Gestational Diabetes Testing

12 January 2017
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What is Gestational Diabetes?

The body breaks down carbohydrates into glucose and causes insulin to be released.  The insulin pulls the glucose from the blood and transfers it to the cells to be stored for energy.  When a woman is pregnant, the body leaves some glucose in the blood so that it can be passed to the baby through the placenta and umbilical cord.

Gestational Diabetes is diagnosed when there is too high of an amount of glucose found in the blood while pregnant. It needs to be taken seriously, as it is associated with a risk of congenital defects and other complications.  Women who develop gestational diabetes are at risk of developing type 2 diabetes later in life. http://www.ncbi.nlm.nih.gov/pubmed/27254892

Science has not found one specific cause for gestational diabetes, but the following are all possible links:

  • Obesity
  • Family Genetics
  • Diet high in carbohydrates and sugar
  • Stress
  • Autoimmune Issues
  • Pre-diabetes: blood glucose levels higher than normal, but not high enough to be labeled diabetes
  • African American, American Indian, Asian American, Hispanic/Latina, or Pacific Islander American heritage
  • PCOS

 

The Dangers and Complications of Gestational Diabetes Include:

  • Increased chance of C-Section
  • Risk of needing a NICU
  • Shoulder Dystocia
  • Congenital Defects
  • Macrosomia: A larger than average (6-9lb) baby at full-term birth
  • Fetal Hyperinsulinemia
  • Jaundice
  • Preeclampsia

 

Gestational Diabetes effects between 5-9% of pregnancies and typically occurs in the last 20 weeks. As the baby grows, the placenta produces more insulin hormone blockers.  This leaves excess insulin in the mother’s body.

How is Gestational Diabetes Diagnosed?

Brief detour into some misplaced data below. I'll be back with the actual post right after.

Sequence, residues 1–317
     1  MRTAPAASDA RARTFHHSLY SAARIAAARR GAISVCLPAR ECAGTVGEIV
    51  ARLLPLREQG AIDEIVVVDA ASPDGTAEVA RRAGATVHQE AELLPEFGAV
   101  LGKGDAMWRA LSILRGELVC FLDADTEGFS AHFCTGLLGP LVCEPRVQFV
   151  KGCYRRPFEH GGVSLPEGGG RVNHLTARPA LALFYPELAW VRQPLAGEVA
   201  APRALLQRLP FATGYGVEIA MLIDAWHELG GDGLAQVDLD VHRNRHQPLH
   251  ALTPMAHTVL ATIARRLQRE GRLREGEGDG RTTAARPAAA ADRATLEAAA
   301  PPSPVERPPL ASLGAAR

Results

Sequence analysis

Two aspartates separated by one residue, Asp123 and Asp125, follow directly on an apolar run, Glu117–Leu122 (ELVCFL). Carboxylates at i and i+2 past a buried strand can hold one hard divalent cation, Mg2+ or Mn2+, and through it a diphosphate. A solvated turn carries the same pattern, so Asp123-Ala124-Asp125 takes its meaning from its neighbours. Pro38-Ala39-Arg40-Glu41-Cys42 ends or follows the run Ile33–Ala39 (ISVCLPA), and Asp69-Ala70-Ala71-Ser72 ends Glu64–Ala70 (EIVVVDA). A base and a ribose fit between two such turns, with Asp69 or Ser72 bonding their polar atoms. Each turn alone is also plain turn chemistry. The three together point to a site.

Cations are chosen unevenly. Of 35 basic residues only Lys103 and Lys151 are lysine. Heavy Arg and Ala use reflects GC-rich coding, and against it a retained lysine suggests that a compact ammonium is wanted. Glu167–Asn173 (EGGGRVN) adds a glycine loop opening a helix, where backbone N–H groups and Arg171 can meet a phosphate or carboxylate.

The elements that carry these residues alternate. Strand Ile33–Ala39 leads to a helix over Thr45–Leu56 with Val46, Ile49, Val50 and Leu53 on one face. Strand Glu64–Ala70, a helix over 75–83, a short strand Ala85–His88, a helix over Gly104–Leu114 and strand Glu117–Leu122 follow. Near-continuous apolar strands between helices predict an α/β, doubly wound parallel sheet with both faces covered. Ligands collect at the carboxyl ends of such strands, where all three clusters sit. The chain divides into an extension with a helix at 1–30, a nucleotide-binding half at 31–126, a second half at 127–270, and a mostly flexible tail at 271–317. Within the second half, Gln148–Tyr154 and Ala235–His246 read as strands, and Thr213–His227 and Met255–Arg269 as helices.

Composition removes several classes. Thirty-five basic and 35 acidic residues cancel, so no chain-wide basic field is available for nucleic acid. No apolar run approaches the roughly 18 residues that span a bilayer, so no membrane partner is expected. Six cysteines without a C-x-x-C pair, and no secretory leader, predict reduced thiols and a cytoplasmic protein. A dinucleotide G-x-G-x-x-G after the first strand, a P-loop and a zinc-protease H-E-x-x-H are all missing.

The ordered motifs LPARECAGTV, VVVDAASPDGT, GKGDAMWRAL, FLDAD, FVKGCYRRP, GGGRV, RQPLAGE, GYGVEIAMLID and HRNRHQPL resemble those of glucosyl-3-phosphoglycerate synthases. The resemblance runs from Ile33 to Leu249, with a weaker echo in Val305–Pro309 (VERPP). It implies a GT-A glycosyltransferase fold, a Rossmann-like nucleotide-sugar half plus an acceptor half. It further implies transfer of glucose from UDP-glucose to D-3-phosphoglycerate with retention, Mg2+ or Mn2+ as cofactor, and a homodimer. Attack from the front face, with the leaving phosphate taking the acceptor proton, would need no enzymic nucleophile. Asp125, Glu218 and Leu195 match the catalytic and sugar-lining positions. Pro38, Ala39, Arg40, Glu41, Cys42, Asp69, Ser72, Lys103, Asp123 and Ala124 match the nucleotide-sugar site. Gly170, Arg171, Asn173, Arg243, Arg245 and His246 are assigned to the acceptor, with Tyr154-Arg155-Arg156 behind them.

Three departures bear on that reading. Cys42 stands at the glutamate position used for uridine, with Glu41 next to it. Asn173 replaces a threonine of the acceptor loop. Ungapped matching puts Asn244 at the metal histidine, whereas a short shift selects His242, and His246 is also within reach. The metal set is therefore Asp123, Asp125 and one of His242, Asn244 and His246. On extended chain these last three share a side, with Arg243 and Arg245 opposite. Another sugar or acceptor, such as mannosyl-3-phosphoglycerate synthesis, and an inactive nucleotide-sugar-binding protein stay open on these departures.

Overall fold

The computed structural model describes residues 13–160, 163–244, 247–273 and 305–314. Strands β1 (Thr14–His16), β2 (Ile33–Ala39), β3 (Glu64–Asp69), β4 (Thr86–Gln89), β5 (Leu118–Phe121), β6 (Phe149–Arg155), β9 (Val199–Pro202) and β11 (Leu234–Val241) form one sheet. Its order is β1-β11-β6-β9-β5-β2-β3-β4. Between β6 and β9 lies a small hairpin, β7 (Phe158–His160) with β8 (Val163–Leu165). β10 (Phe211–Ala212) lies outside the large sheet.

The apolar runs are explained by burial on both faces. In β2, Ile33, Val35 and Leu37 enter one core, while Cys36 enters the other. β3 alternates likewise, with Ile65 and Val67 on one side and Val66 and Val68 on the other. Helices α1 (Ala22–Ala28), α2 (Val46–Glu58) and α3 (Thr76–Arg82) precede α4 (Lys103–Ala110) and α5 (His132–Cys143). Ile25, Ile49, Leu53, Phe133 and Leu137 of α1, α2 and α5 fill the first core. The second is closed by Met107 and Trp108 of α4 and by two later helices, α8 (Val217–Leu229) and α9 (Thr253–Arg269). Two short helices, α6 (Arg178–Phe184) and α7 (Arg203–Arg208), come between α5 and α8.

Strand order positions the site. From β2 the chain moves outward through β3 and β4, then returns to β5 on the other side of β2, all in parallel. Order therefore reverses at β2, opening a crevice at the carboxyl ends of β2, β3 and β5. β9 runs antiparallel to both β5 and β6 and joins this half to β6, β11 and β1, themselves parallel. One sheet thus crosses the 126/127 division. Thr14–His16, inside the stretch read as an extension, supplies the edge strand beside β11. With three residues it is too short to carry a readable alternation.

You may experience signs of Gestational Diabetes before you receive a positive test result.  Some signs include:

  • Unusual thirst
  • Frequent urination
  • Fatigue
  • Nausea
  • Frequent vaginal, bladder, and skin infections
  • Blurred vision

It has become common practice for every pregnant woman to be tested for gestational diabetes.  It is unclear if this is truly necessary to test every woman, but because this condition can effect both mother and baby, women willingly oblige.

The American Pregnancy Association currently recommends what is called a “two step approach” for screening for gestational diabetes between 24-28 weeks gestation. The first step is a glucose challenge test (GCT).  During the GCT, the woman is given Glucola, a sugar drink, and then has her blood sugar level tested one hour after consuming said drink.  If the results are above the normal range, the woman will come back to perform a 3-hour version of the test.

Glucola: The Toxic Drink

Glucola includes ingredients such as brominated soybean oil (BVO), food dyes, sodium benzonate, BHA, sodium hexametaphosphate, dextrose, and ‘natural flavorings.’

All of these pose the question of safety with consumption.  Preservatives and food dyes alone should raise a red flag, but what’s worse?  This drink actually contains an ingredient that is found in flame retardant products. BVO accumulates in the organs of the body and has been associated with heart lesions, fatty changes in the liver, and impaired growth and behavioral development. Studies link BVO to neurological problems, fertility problems, changes in thyroid hormones and early puberty. http://www.ncbi.nlm.nih.gov/pubmed/6665731

This drink should not be recommended for consumption for anyone, especially to a pregnant woman.

Alternative Test Options

Instead of consuming Glucola, these options may be more appealing:

  • 50 GM of Organic Grape Juice (or apple juice)
  • 50 GM of Jelly Beans (Just over 50 beans): (grab the non-GMO, naturally colored version)
  • Glucolift is a natural, non-GMO, artificial colors & flavors free glucose tablet. It’s made for people with type 1 diabetes who need to raise their blood sugar regularly throughout the day.
  • 50 GM Breakfast Meal: this is what I personal suggest, as it lets the body digest and process real food.  It can consist of several options, so talk to your birth team or research which you would most prefer.

Meals typically include eggs, juice, toast, and fruit, but some midwives or doctors include pancakes!  It is harder to be exact with glucose levels of real food, but the body processes real food the easiest and will give you the least chances of any stomach aches afterward.

You have the ability to request any of the above options for your test, or the right to refuse the test all together.